For example, if you have an NPC named Johnn, create a Log Entry called @Johnn.master. In it you put the NPC’s stat block and details. And you add curated links as you see fit so it’s all in one spot for you.

Talk about Johnn anywhere you like, as much as you like — in MyInfo and Campaign Logger. You still have Find, Filter, Tag Listings, and all the tools from both apps at your disposal. But you use the @Johnn.master Log Entry as note #0, your key note, your single Source Of Truth.

Campaign Logger does not support embedded media files. We’re considering the feature, but it’s circling the Idea Pool for now. It does handle links easily. So if you have a picture you want to use for Johnn the NPC, a game PDF, a sound file, or any kind of external file, you can link to it directly in your master note, or insert it into a MyInfo document and link to the document.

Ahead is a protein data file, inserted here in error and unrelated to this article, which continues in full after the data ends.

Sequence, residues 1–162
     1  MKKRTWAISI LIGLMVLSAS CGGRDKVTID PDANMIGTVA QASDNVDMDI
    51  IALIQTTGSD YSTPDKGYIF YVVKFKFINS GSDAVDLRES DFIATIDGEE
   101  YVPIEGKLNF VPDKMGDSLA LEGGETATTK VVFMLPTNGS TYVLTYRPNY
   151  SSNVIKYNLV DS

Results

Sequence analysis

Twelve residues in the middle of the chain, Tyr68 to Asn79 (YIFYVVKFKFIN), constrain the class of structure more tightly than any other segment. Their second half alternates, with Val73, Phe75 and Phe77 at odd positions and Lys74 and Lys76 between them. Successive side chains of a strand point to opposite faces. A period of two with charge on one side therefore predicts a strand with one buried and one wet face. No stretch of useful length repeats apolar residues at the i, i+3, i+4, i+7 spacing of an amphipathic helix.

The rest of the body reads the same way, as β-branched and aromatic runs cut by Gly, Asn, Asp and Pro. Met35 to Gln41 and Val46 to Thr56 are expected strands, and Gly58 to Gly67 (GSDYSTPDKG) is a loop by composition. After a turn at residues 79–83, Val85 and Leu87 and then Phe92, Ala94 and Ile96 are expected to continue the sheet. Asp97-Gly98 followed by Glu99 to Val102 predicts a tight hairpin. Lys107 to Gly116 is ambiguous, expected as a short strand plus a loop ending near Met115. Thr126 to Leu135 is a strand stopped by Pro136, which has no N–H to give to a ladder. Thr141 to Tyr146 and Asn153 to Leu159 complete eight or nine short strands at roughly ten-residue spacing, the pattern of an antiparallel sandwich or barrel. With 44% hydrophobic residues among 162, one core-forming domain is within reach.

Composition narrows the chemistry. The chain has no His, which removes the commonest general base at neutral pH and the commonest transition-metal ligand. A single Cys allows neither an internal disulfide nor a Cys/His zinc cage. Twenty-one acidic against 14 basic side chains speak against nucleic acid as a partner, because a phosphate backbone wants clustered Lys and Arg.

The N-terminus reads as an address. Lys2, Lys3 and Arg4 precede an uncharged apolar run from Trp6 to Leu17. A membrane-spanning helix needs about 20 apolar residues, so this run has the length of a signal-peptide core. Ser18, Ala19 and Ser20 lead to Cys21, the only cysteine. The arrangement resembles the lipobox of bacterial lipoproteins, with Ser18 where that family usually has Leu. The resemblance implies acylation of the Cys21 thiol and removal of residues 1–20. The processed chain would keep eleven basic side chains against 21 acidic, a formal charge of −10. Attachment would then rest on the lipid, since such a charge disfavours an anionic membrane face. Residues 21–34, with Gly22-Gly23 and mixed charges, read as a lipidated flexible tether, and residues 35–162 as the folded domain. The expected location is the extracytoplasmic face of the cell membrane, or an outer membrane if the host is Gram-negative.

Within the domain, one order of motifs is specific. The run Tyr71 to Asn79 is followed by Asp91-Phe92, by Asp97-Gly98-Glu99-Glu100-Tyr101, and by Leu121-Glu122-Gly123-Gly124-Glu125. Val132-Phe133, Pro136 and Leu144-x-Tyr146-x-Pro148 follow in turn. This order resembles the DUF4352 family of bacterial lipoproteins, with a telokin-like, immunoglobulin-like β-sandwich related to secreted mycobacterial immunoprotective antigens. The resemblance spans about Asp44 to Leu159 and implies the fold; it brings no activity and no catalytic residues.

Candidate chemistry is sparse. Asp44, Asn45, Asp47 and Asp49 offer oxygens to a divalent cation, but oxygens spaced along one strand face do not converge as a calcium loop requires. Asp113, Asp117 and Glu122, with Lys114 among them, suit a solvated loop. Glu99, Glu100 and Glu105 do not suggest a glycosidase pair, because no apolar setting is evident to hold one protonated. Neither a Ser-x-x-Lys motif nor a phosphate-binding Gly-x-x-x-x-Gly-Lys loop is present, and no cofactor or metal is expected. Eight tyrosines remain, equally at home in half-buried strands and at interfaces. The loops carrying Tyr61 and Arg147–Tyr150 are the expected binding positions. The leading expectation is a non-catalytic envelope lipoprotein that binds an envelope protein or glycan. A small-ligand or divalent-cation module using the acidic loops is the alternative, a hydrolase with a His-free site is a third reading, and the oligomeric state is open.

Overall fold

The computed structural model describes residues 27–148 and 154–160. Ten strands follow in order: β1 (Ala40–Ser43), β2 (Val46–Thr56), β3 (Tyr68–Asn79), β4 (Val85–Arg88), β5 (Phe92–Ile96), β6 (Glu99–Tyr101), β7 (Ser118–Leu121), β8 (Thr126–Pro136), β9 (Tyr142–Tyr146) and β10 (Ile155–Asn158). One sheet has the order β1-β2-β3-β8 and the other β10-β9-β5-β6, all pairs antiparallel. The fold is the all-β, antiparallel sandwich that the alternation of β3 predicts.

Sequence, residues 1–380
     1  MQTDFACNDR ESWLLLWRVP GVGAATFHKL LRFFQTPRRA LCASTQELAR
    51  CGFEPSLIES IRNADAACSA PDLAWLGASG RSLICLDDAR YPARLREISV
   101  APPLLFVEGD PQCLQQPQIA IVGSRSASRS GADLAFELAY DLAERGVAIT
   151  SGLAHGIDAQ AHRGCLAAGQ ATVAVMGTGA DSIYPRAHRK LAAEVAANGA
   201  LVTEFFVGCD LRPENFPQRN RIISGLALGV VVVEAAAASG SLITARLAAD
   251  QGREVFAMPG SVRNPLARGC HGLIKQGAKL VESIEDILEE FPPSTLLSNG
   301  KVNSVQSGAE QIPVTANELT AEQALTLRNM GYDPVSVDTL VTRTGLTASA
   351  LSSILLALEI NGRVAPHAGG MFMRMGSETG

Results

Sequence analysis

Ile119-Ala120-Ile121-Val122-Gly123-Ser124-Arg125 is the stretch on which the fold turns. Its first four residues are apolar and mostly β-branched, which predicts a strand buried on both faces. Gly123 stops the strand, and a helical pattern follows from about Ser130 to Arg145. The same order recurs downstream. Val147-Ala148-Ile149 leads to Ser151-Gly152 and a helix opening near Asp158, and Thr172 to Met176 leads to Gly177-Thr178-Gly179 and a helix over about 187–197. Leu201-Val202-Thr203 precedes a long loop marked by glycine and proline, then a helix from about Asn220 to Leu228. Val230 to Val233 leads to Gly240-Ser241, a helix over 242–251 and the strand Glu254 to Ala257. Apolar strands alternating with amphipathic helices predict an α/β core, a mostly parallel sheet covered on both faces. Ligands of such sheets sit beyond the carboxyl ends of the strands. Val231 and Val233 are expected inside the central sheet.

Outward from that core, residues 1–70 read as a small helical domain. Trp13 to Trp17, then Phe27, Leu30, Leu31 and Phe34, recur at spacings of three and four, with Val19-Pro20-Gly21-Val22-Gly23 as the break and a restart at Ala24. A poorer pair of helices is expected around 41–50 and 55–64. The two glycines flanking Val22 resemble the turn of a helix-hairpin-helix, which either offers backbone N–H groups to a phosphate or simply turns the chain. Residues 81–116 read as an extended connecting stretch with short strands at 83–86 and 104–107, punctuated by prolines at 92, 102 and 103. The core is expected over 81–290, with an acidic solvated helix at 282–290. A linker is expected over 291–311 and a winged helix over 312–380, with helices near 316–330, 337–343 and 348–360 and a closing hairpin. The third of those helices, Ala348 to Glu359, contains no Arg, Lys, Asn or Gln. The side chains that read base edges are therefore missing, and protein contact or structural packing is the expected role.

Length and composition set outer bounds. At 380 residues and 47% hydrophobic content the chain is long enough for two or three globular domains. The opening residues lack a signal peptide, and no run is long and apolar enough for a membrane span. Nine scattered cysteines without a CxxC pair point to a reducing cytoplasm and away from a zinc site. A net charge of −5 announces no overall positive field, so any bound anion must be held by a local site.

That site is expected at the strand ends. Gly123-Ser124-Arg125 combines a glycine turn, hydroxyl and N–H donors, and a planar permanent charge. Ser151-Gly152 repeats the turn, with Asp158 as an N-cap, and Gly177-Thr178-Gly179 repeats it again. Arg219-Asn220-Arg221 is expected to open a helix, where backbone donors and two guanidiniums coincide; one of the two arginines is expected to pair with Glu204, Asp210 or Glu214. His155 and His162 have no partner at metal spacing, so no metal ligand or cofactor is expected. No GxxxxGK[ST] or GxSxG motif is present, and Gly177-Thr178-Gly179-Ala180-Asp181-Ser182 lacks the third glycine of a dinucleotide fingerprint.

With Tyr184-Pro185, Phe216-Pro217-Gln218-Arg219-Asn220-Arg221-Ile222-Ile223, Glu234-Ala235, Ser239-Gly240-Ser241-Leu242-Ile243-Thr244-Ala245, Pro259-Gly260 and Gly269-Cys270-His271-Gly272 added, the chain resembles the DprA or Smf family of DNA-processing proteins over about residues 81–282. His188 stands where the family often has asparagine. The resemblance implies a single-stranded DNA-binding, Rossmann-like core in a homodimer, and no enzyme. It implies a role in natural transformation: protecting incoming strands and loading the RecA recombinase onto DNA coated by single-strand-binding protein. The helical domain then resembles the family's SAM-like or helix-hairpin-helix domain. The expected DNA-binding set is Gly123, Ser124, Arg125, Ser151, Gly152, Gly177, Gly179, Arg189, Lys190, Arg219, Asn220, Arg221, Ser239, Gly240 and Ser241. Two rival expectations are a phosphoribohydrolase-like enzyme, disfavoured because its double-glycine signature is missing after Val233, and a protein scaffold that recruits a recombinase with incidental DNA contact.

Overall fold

Key Takeaway: Strategic Organization

Again, it does not matter the tech you use. If you like OneNote, go for it. Prefer pen and paper? Awesome.

The strategy to help you stay sane remains the same:

  • Create a single Source of Truth for every game piece in your campaign to avoid confusion, outdated version problems, and finding needles in haystacks.
  • Create Tables of Contents to all the different places you hide details about each game piece, whether it’s via numbered index cards, internal app links, or external URLs.
  • Curate your information so you can rapidly find what you need when you need it, especially in high-pressure situations.
  • Refresh yourself on your key notes before sessions to improve your improve and continuity.

Avoid long-form notes as reference materials. Stuff gets buried and lost that way. Use long-form to think things through, channel your inner author, or ramble without stress of structure. Then pull out important keeper details into cards, Log Entries, or documents.